Sue arrived at 8.30 in steady rain. We still set off, hoping it would ease as we travelled west. Still raining at Thursford so, we turned towards Matlaske hoping the Egret would show. A short muddy track into a small roadside wood gave views of the impressive Barningham Hall and the even older church. A small herd of cows, a brown bull and the feeding Cattle Egret showed in the near field. A lifer for Sue. It had actually stopped raining too.
Choseley brought views of 10 Corn Buntings at last with a scattering of Yellowhammers amongst the Chaffinches.
Just one car at Gypsy Lane, east of Titchwell, the returning occupants had not seen much at all and the pager didn't have any news either. The longish path through woods to the marsh was thick with glutinous mud, which made walking unpleasant. Reaching the open with its views of extensive reed beds and marsh to the sea, we walked north, scanning the apparently empty dyke to the east. We didn't have much of an idea where the bird could be as it is at least 40 years since we walked this path.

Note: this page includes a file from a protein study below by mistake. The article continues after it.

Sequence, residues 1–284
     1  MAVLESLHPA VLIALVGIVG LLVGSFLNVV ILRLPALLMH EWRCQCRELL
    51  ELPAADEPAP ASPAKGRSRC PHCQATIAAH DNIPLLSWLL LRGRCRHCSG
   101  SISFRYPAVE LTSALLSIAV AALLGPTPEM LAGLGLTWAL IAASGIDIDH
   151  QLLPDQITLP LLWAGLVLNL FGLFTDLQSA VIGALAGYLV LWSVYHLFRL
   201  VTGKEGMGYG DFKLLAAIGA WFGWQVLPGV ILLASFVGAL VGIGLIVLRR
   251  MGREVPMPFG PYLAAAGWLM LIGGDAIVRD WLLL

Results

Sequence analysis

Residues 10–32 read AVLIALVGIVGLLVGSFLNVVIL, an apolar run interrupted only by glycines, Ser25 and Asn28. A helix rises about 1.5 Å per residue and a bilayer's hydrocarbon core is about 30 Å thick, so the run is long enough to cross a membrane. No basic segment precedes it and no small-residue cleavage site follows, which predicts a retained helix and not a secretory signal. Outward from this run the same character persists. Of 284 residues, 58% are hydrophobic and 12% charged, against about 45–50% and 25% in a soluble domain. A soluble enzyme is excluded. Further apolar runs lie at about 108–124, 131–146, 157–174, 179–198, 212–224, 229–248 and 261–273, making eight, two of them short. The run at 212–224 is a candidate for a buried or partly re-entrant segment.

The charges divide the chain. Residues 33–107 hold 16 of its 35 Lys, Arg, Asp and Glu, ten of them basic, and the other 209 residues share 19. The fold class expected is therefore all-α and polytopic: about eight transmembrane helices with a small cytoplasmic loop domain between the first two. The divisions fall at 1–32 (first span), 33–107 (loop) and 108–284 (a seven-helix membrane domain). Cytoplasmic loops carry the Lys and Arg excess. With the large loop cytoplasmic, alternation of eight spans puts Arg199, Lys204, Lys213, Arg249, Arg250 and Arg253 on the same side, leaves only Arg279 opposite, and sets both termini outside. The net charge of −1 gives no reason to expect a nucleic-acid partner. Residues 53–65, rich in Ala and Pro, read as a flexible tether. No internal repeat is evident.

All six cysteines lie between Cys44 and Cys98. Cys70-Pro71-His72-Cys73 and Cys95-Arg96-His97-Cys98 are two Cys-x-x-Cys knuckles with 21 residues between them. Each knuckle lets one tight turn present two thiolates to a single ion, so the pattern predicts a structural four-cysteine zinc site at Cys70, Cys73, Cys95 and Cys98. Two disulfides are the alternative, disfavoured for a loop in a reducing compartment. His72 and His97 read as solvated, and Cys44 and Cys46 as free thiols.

From nowhere, a lovely Black-necked Grebe popped up beside us and, at Pam's behest, I quickly took some photographs. On the return journey we met A and B on the same quest.
Gore Point gave views of three georgeous summer plumaged, male, Long-tailed Ducks and a host of waders but not the Lapland Buntings we would have liked for the Norfolk list.
After a late lunch at Brancaster Staithe, next stop in the poor, late afternoon light, was a roadside field south of Morston to scan several hundred Pinkfeet for 2 Tundra Bean Geese and 3 Barnacles. A and B were already there, Bridget had one Tundra in her scope which she kindly invited me to look at,I then set up my own scope and scanned. The 3 handsome Barnacles were easy to find, the Bean more problematic in failing light. An enjoyable day despite the weather.